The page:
Personal Injury Claims
The coroner is responsible for investigating deaths in certain circumstances, basically sudden or unexpected deaths. The particular circumstances are:
Furthermore if the deceased was not seen by the doctor certifying death, or was not seen during the 14 days before death, then again the death must be reported to the coroner.
Anyone can report a sudden or unexplained death to the coroner but usually this will be by a doctor or by the police.
When a case is reported to the coroner they have to decide whether or not there should be any further investigation and until the coroner has decided one way or the other, the registrar of births, marriages and deaths cannot register the death. Therefore when a case is referred to the coroner, it will usually delay the funeral.
Sometimes the coroner will order a postmortem examination, which is a medical examination to try and establish the cause of death. Postmortems take place at a hospital and once ordered by a coroner there is no right to object to the postmortem. However a coroner may take into account any strong reasons the family may have against a postmortem, for example religious beliefs.
If the post mortem shows that death was due to natural causes then the coroner will usually notify the registrar so that the body can be released for a funeral or cremation.
Sometimes the coroner will order an inquest. This is an inquiry to establish how, when and where the deceased died. The purpose is not to determine blame. There are no accusations, there is no “Defendant” but the inquest is a legal hearing and a coroner will examine and cross examine all witnesses under oath, in other words they have to swear to the truth of their evidence. Sometimes lawyers attend on behalf of the deceased or relatives or perhaps to represent a life insurer who may have to pay out on a life policy. They can be allowed to ask the witnesses questions but if those questions attempt to deal with issues of blame then the coroner can stop that line of questioning. For example if someone dies in a road traffic accident then there will often be an inquest. However the purpose of that inquest is not to establish who was to blame for the accident, but instead simply to establish the medical cause of death and the circumstances of the events leading up to and including the death. So the coroner will want to know how the accident occurred but will not apportion blame between the parties.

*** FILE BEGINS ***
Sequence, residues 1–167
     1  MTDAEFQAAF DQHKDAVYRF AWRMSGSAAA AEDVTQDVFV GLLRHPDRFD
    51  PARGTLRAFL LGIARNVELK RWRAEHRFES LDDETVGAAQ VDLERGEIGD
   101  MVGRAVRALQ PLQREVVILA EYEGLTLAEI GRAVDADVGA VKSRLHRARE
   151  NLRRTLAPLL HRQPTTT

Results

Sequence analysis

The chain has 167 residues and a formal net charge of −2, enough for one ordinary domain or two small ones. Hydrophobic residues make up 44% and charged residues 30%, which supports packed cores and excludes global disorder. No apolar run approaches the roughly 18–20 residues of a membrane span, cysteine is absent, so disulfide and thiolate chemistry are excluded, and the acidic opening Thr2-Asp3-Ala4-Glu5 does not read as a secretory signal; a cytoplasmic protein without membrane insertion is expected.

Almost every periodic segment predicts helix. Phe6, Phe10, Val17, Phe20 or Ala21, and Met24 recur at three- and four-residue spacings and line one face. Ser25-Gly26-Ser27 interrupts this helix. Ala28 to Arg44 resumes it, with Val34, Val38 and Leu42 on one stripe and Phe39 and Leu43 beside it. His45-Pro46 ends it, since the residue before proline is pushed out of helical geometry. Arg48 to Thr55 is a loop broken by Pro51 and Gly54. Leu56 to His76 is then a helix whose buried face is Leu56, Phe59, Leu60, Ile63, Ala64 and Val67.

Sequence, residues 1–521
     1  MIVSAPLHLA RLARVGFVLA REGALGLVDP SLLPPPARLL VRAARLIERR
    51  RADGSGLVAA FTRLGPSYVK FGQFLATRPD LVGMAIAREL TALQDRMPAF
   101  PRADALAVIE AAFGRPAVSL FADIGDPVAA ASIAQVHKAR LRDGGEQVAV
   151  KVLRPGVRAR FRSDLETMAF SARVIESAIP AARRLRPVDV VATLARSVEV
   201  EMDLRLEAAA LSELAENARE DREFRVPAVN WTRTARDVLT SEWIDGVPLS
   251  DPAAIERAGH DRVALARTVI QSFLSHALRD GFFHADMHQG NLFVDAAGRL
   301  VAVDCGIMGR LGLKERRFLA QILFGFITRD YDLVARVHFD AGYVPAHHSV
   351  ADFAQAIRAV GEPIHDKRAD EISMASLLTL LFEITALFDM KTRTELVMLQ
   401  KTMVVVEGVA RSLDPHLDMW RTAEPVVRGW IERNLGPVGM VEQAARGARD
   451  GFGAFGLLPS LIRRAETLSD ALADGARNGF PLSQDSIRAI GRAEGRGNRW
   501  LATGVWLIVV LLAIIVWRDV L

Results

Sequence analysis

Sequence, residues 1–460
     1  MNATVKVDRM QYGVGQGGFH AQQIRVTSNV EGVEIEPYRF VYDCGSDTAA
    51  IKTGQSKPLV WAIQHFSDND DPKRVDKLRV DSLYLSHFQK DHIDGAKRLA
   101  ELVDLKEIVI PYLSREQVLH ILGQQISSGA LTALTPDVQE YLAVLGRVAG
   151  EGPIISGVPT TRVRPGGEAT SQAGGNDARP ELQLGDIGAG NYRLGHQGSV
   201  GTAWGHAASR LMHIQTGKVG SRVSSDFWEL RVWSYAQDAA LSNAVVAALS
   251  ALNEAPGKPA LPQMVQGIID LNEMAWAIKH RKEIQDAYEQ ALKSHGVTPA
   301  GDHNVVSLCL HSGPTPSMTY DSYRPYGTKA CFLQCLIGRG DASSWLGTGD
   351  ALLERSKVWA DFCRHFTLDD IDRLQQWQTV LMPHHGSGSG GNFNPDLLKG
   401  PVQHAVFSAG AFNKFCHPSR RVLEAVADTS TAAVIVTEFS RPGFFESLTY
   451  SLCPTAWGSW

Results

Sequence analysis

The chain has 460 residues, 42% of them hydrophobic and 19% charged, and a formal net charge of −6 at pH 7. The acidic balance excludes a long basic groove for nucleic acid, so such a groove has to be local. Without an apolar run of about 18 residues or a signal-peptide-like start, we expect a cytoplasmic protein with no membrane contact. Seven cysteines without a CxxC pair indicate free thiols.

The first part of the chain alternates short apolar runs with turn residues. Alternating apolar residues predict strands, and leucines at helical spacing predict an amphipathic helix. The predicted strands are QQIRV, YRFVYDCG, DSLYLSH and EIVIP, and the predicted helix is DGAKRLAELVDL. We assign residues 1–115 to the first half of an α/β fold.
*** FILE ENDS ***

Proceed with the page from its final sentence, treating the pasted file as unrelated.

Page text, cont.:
Various witnesses can be called to give evidence at the inquest. Usually a member of the family provides evidence of the identity of the deceased. The coroner’s officer may give evidence from witnesses who have provided statements by reading out those statements at the hearing. Where there are witnesses to the circumstances surrounding the death then they too may be called to give evidence so to go back to the road traffic accident example, others involved in the accident such as passengers or other drivers may be asked by the coroner to attend. The pathologist who carried out the post mortem can also be called although on other occasions the coroner may simply rely on the written post mortem report.
The hearing may lead to one of several verdicts:-
Most of these are self explanatory but open verdict requires a more explanation. An open verdict may be returned where there is insufficient evidence to return any other suggested verdict. In other words it is a verdict of last resort if non of the others apply.
Although we must emphasise that the purpose of an inquest is not to establish the blame for death, it can be a very useful way of gathering a lot of information about the circumstances of death, which information can be used to help support a claim on behalf of the deceased or their dependants at a later stage.